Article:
Measure devel notes
Development notes. For the official page, please see Measure
 Metadata file associated with Logs
Measure Activity logs metadata file Filename Filename Filename Logname Logname Logname
 Log file format
FIXME: There is no reliable way for the "file" command to identify this data format. It is not clear what parts of this description are to be actually in the file; for example if the first line has 4 "/" characters or if that notation indicates alternatives. It is not clear if "minute" is a 6-character word that should appear in the file or if it is supposed to be a number, etc. The word "stop" at the end will mildly complicate both generators and consumers of this file format. Future extensions are neither prohibited nor defined; it is anyone's guess what might be valid in the future. If I guess the format right, it appears that the three discrete rate choices (a limitation of the current Measure activity) have been enshrined into the data file format. The y_mag and g values, both undocumented, appear to be display-related rather than data-related and thus do not belong in the file.
sec/minute/hour/snapshot time/freq y_mag g freq_range ( l / m /h) 2232 3445 ... ... stop
 Draw dotted log
 Convert #RRGGBB to an (R, G, B) tuple
colorstring = colorstring.strip() if colorstring == '#': colorstring = colorstring[1:] r, g, b = colorstring[:2], colorstring[2:4], colorstring[4:] r, g, b = [int(n, 16) for n in (r, g, b)] return (r, g, b)
 Get the XO colors
from sugar import profile color=profile.get_color() fill = color.get_fill_color() stroke = color.get_stroke_color()
 Filtering using sinc
- I will precompute h[i] for all the three ranges and apply it to all the three ranges
- See []
 Scaling - for scale display, and RMS values
- I get a buffer of 16bit values (-32768 to 32768). I need to calculate the corresponding rms value of the voltage
- The correspondence between digital domain values and physical values has been found out experimentally as
v = (m/g)*(s) + 1180 millivolts
where s is a sample value ranging from -32768 to +32768 where m = .0238(i.e. slope when all capture gains are 0dB i.e. g=1) where g is the gain introduced by capture gains. There are two such gains Mic Boost +20dB and Capture Gain. Note that g IS NOT in dB.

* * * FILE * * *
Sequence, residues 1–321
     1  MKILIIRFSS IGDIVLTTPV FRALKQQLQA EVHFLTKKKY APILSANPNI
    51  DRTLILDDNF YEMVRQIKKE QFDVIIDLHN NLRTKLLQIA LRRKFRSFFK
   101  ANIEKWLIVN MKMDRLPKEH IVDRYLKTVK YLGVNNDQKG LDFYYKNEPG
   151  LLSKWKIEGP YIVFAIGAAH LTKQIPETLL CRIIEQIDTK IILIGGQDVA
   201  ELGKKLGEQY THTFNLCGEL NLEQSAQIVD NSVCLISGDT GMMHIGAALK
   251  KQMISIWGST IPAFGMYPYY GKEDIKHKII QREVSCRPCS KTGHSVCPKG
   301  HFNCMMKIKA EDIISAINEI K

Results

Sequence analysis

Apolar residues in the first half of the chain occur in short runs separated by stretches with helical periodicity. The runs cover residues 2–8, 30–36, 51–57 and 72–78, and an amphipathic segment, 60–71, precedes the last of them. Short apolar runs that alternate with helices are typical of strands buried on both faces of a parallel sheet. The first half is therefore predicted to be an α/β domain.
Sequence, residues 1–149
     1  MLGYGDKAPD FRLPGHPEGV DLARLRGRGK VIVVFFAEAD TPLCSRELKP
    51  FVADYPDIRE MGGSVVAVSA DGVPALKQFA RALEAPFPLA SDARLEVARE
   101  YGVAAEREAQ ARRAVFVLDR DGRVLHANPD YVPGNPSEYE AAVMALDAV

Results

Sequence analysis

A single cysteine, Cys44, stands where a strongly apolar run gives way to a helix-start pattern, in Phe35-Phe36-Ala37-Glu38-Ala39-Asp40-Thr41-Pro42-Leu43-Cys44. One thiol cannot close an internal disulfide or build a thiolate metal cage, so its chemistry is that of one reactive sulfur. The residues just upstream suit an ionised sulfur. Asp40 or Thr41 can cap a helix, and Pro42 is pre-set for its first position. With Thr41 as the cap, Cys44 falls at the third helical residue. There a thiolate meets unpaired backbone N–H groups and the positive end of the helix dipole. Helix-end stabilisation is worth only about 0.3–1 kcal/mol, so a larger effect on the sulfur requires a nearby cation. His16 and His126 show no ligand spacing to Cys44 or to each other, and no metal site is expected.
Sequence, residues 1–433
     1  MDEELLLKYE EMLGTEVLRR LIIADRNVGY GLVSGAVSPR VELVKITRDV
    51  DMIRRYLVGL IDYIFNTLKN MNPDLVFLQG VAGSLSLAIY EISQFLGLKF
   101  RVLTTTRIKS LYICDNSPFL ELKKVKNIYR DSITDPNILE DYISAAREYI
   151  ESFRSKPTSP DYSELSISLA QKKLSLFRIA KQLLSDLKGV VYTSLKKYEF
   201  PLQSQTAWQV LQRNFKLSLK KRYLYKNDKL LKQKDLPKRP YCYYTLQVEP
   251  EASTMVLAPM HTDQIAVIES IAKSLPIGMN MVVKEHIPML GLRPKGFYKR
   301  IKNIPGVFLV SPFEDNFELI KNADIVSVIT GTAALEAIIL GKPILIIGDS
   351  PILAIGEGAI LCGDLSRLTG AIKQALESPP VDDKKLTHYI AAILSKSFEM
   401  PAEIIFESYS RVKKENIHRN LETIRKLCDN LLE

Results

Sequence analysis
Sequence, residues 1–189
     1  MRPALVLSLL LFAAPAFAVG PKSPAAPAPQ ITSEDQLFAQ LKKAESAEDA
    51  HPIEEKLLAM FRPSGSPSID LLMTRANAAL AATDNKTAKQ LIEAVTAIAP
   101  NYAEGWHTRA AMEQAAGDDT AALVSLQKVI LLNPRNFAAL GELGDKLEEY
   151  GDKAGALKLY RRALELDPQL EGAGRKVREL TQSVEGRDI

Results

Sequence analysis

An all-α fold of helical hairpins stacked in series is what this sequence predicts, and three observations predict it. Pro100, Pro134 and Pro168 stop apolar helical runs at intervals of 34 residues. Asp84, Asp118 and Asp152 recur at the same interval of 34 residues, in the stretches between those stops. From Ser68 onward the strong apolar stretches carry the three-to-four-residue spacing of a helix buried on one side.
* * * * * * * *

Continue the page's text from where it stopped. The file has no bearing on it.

- Also let k = m/g and c = 1180
- One option is to scale each sample in voltage domain (which would come out to be a float value) to get rms voltage, Rv = sqrt(sigma(Vi^2)) / N
- The other option is to calculate RMS of all samples s and then convert result to equivalent voltage
- For calculating RMS of samples s and then converting to Rv
- sigma(Vi^2) = (k^2)*(sigma(Xi^2)) + N*c^2 + 2*k*c*sigma(Xi)
- Once we have sigma(Vi^2) we can take square root of that and divide by N
- The big question is which one would be better suited in terms of performance overheads on the XO ? <-- profiling is the answer ?
- You can get rid of the floating point and the division if Python does OK with 64-bit numbers. You do something like this...
G = 1000/g V = s*238*G + 1180*10000000 v = V/10000000
- ...except that you don't immediately divide to get v, and you don't use 10000000. Use 2**32 instead, allowing a 32-bit right shift (free) instead of the division. (so the 1000 has to change, and you don't do .0238*10000 but rather something else appropriate) You may also delay that right shift, adding up the numbers first.
import os import cProfile import lsprofcalltree self._profiler = cProfile.Profile() self._profiler.enable() #code to profile# self._profiler.disable() k = lsprofcalltree.KCacheGrind(self._profiler) data = open(os.path.expanduser('/tmp/measure.kgrind'), 'w+') k.output(data) data.close()